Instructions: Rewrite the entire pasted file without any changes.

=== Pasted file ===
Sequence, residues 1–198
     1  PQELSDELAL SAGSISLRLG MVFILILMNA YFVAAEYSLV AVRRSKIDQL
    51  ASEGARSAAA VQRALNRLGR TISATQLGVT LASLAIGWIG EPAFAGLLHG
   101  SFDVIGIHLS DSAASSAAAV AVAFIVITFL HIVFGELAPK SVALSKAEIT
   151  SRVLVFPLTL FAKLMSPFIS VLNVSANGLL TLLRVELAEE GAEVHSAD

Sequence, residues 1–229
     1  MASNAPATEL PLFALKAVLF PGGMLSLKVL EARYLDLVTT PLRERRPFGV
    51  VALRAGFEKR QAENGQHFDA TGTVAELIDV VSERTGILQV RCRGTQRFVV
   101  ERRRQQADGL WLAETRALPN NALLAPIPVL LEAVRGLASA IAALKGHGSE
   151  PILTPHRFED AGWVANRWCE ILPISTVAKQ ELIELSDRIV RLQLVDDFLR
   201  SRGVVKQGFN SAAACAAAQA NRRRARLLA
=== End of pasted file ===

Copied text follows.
Sequence, residues 1–198
     1  PQELSDELAL SAGSISLRLG MVFILILMNA YFVAAEYSLV AVRRSKIDQL
    51  ASEGARSAAA VQRALNRLGR TISATQLGVT LASLAIGWIG EPAFAGLLHG
   101  SFDVIGIHLS DSAASSAAAV AVAFIVITFL HIVFGELAPK SVALSKAEIT
   151  SRVLVFPLTL FAKLMSPFIS VLNVSANGLL TLLRVELAEE GAEVHSAD

Sequence, residues 1–229
     1  MASNAPATEL PLFALKAVLF PGGMLSLKVL EARYLDLVTT PLRERRPFGV
    51  VALRAGFEKR QAENGQHFDA TGTVAELIDV VSERTGILQV RCRGTQRFVV
   101  ERRRQQADGL WLAETRALPN NALLAPIPVL LEAVRGLASA IAALKGHGSE
   151  PILTPHRFED AGWVANRWCE ILPISTVAKQ ELIELSDRIV RLQLVDDFLR
   201  SRGVVKQGFN SAAACAAAQA NRRRARLLA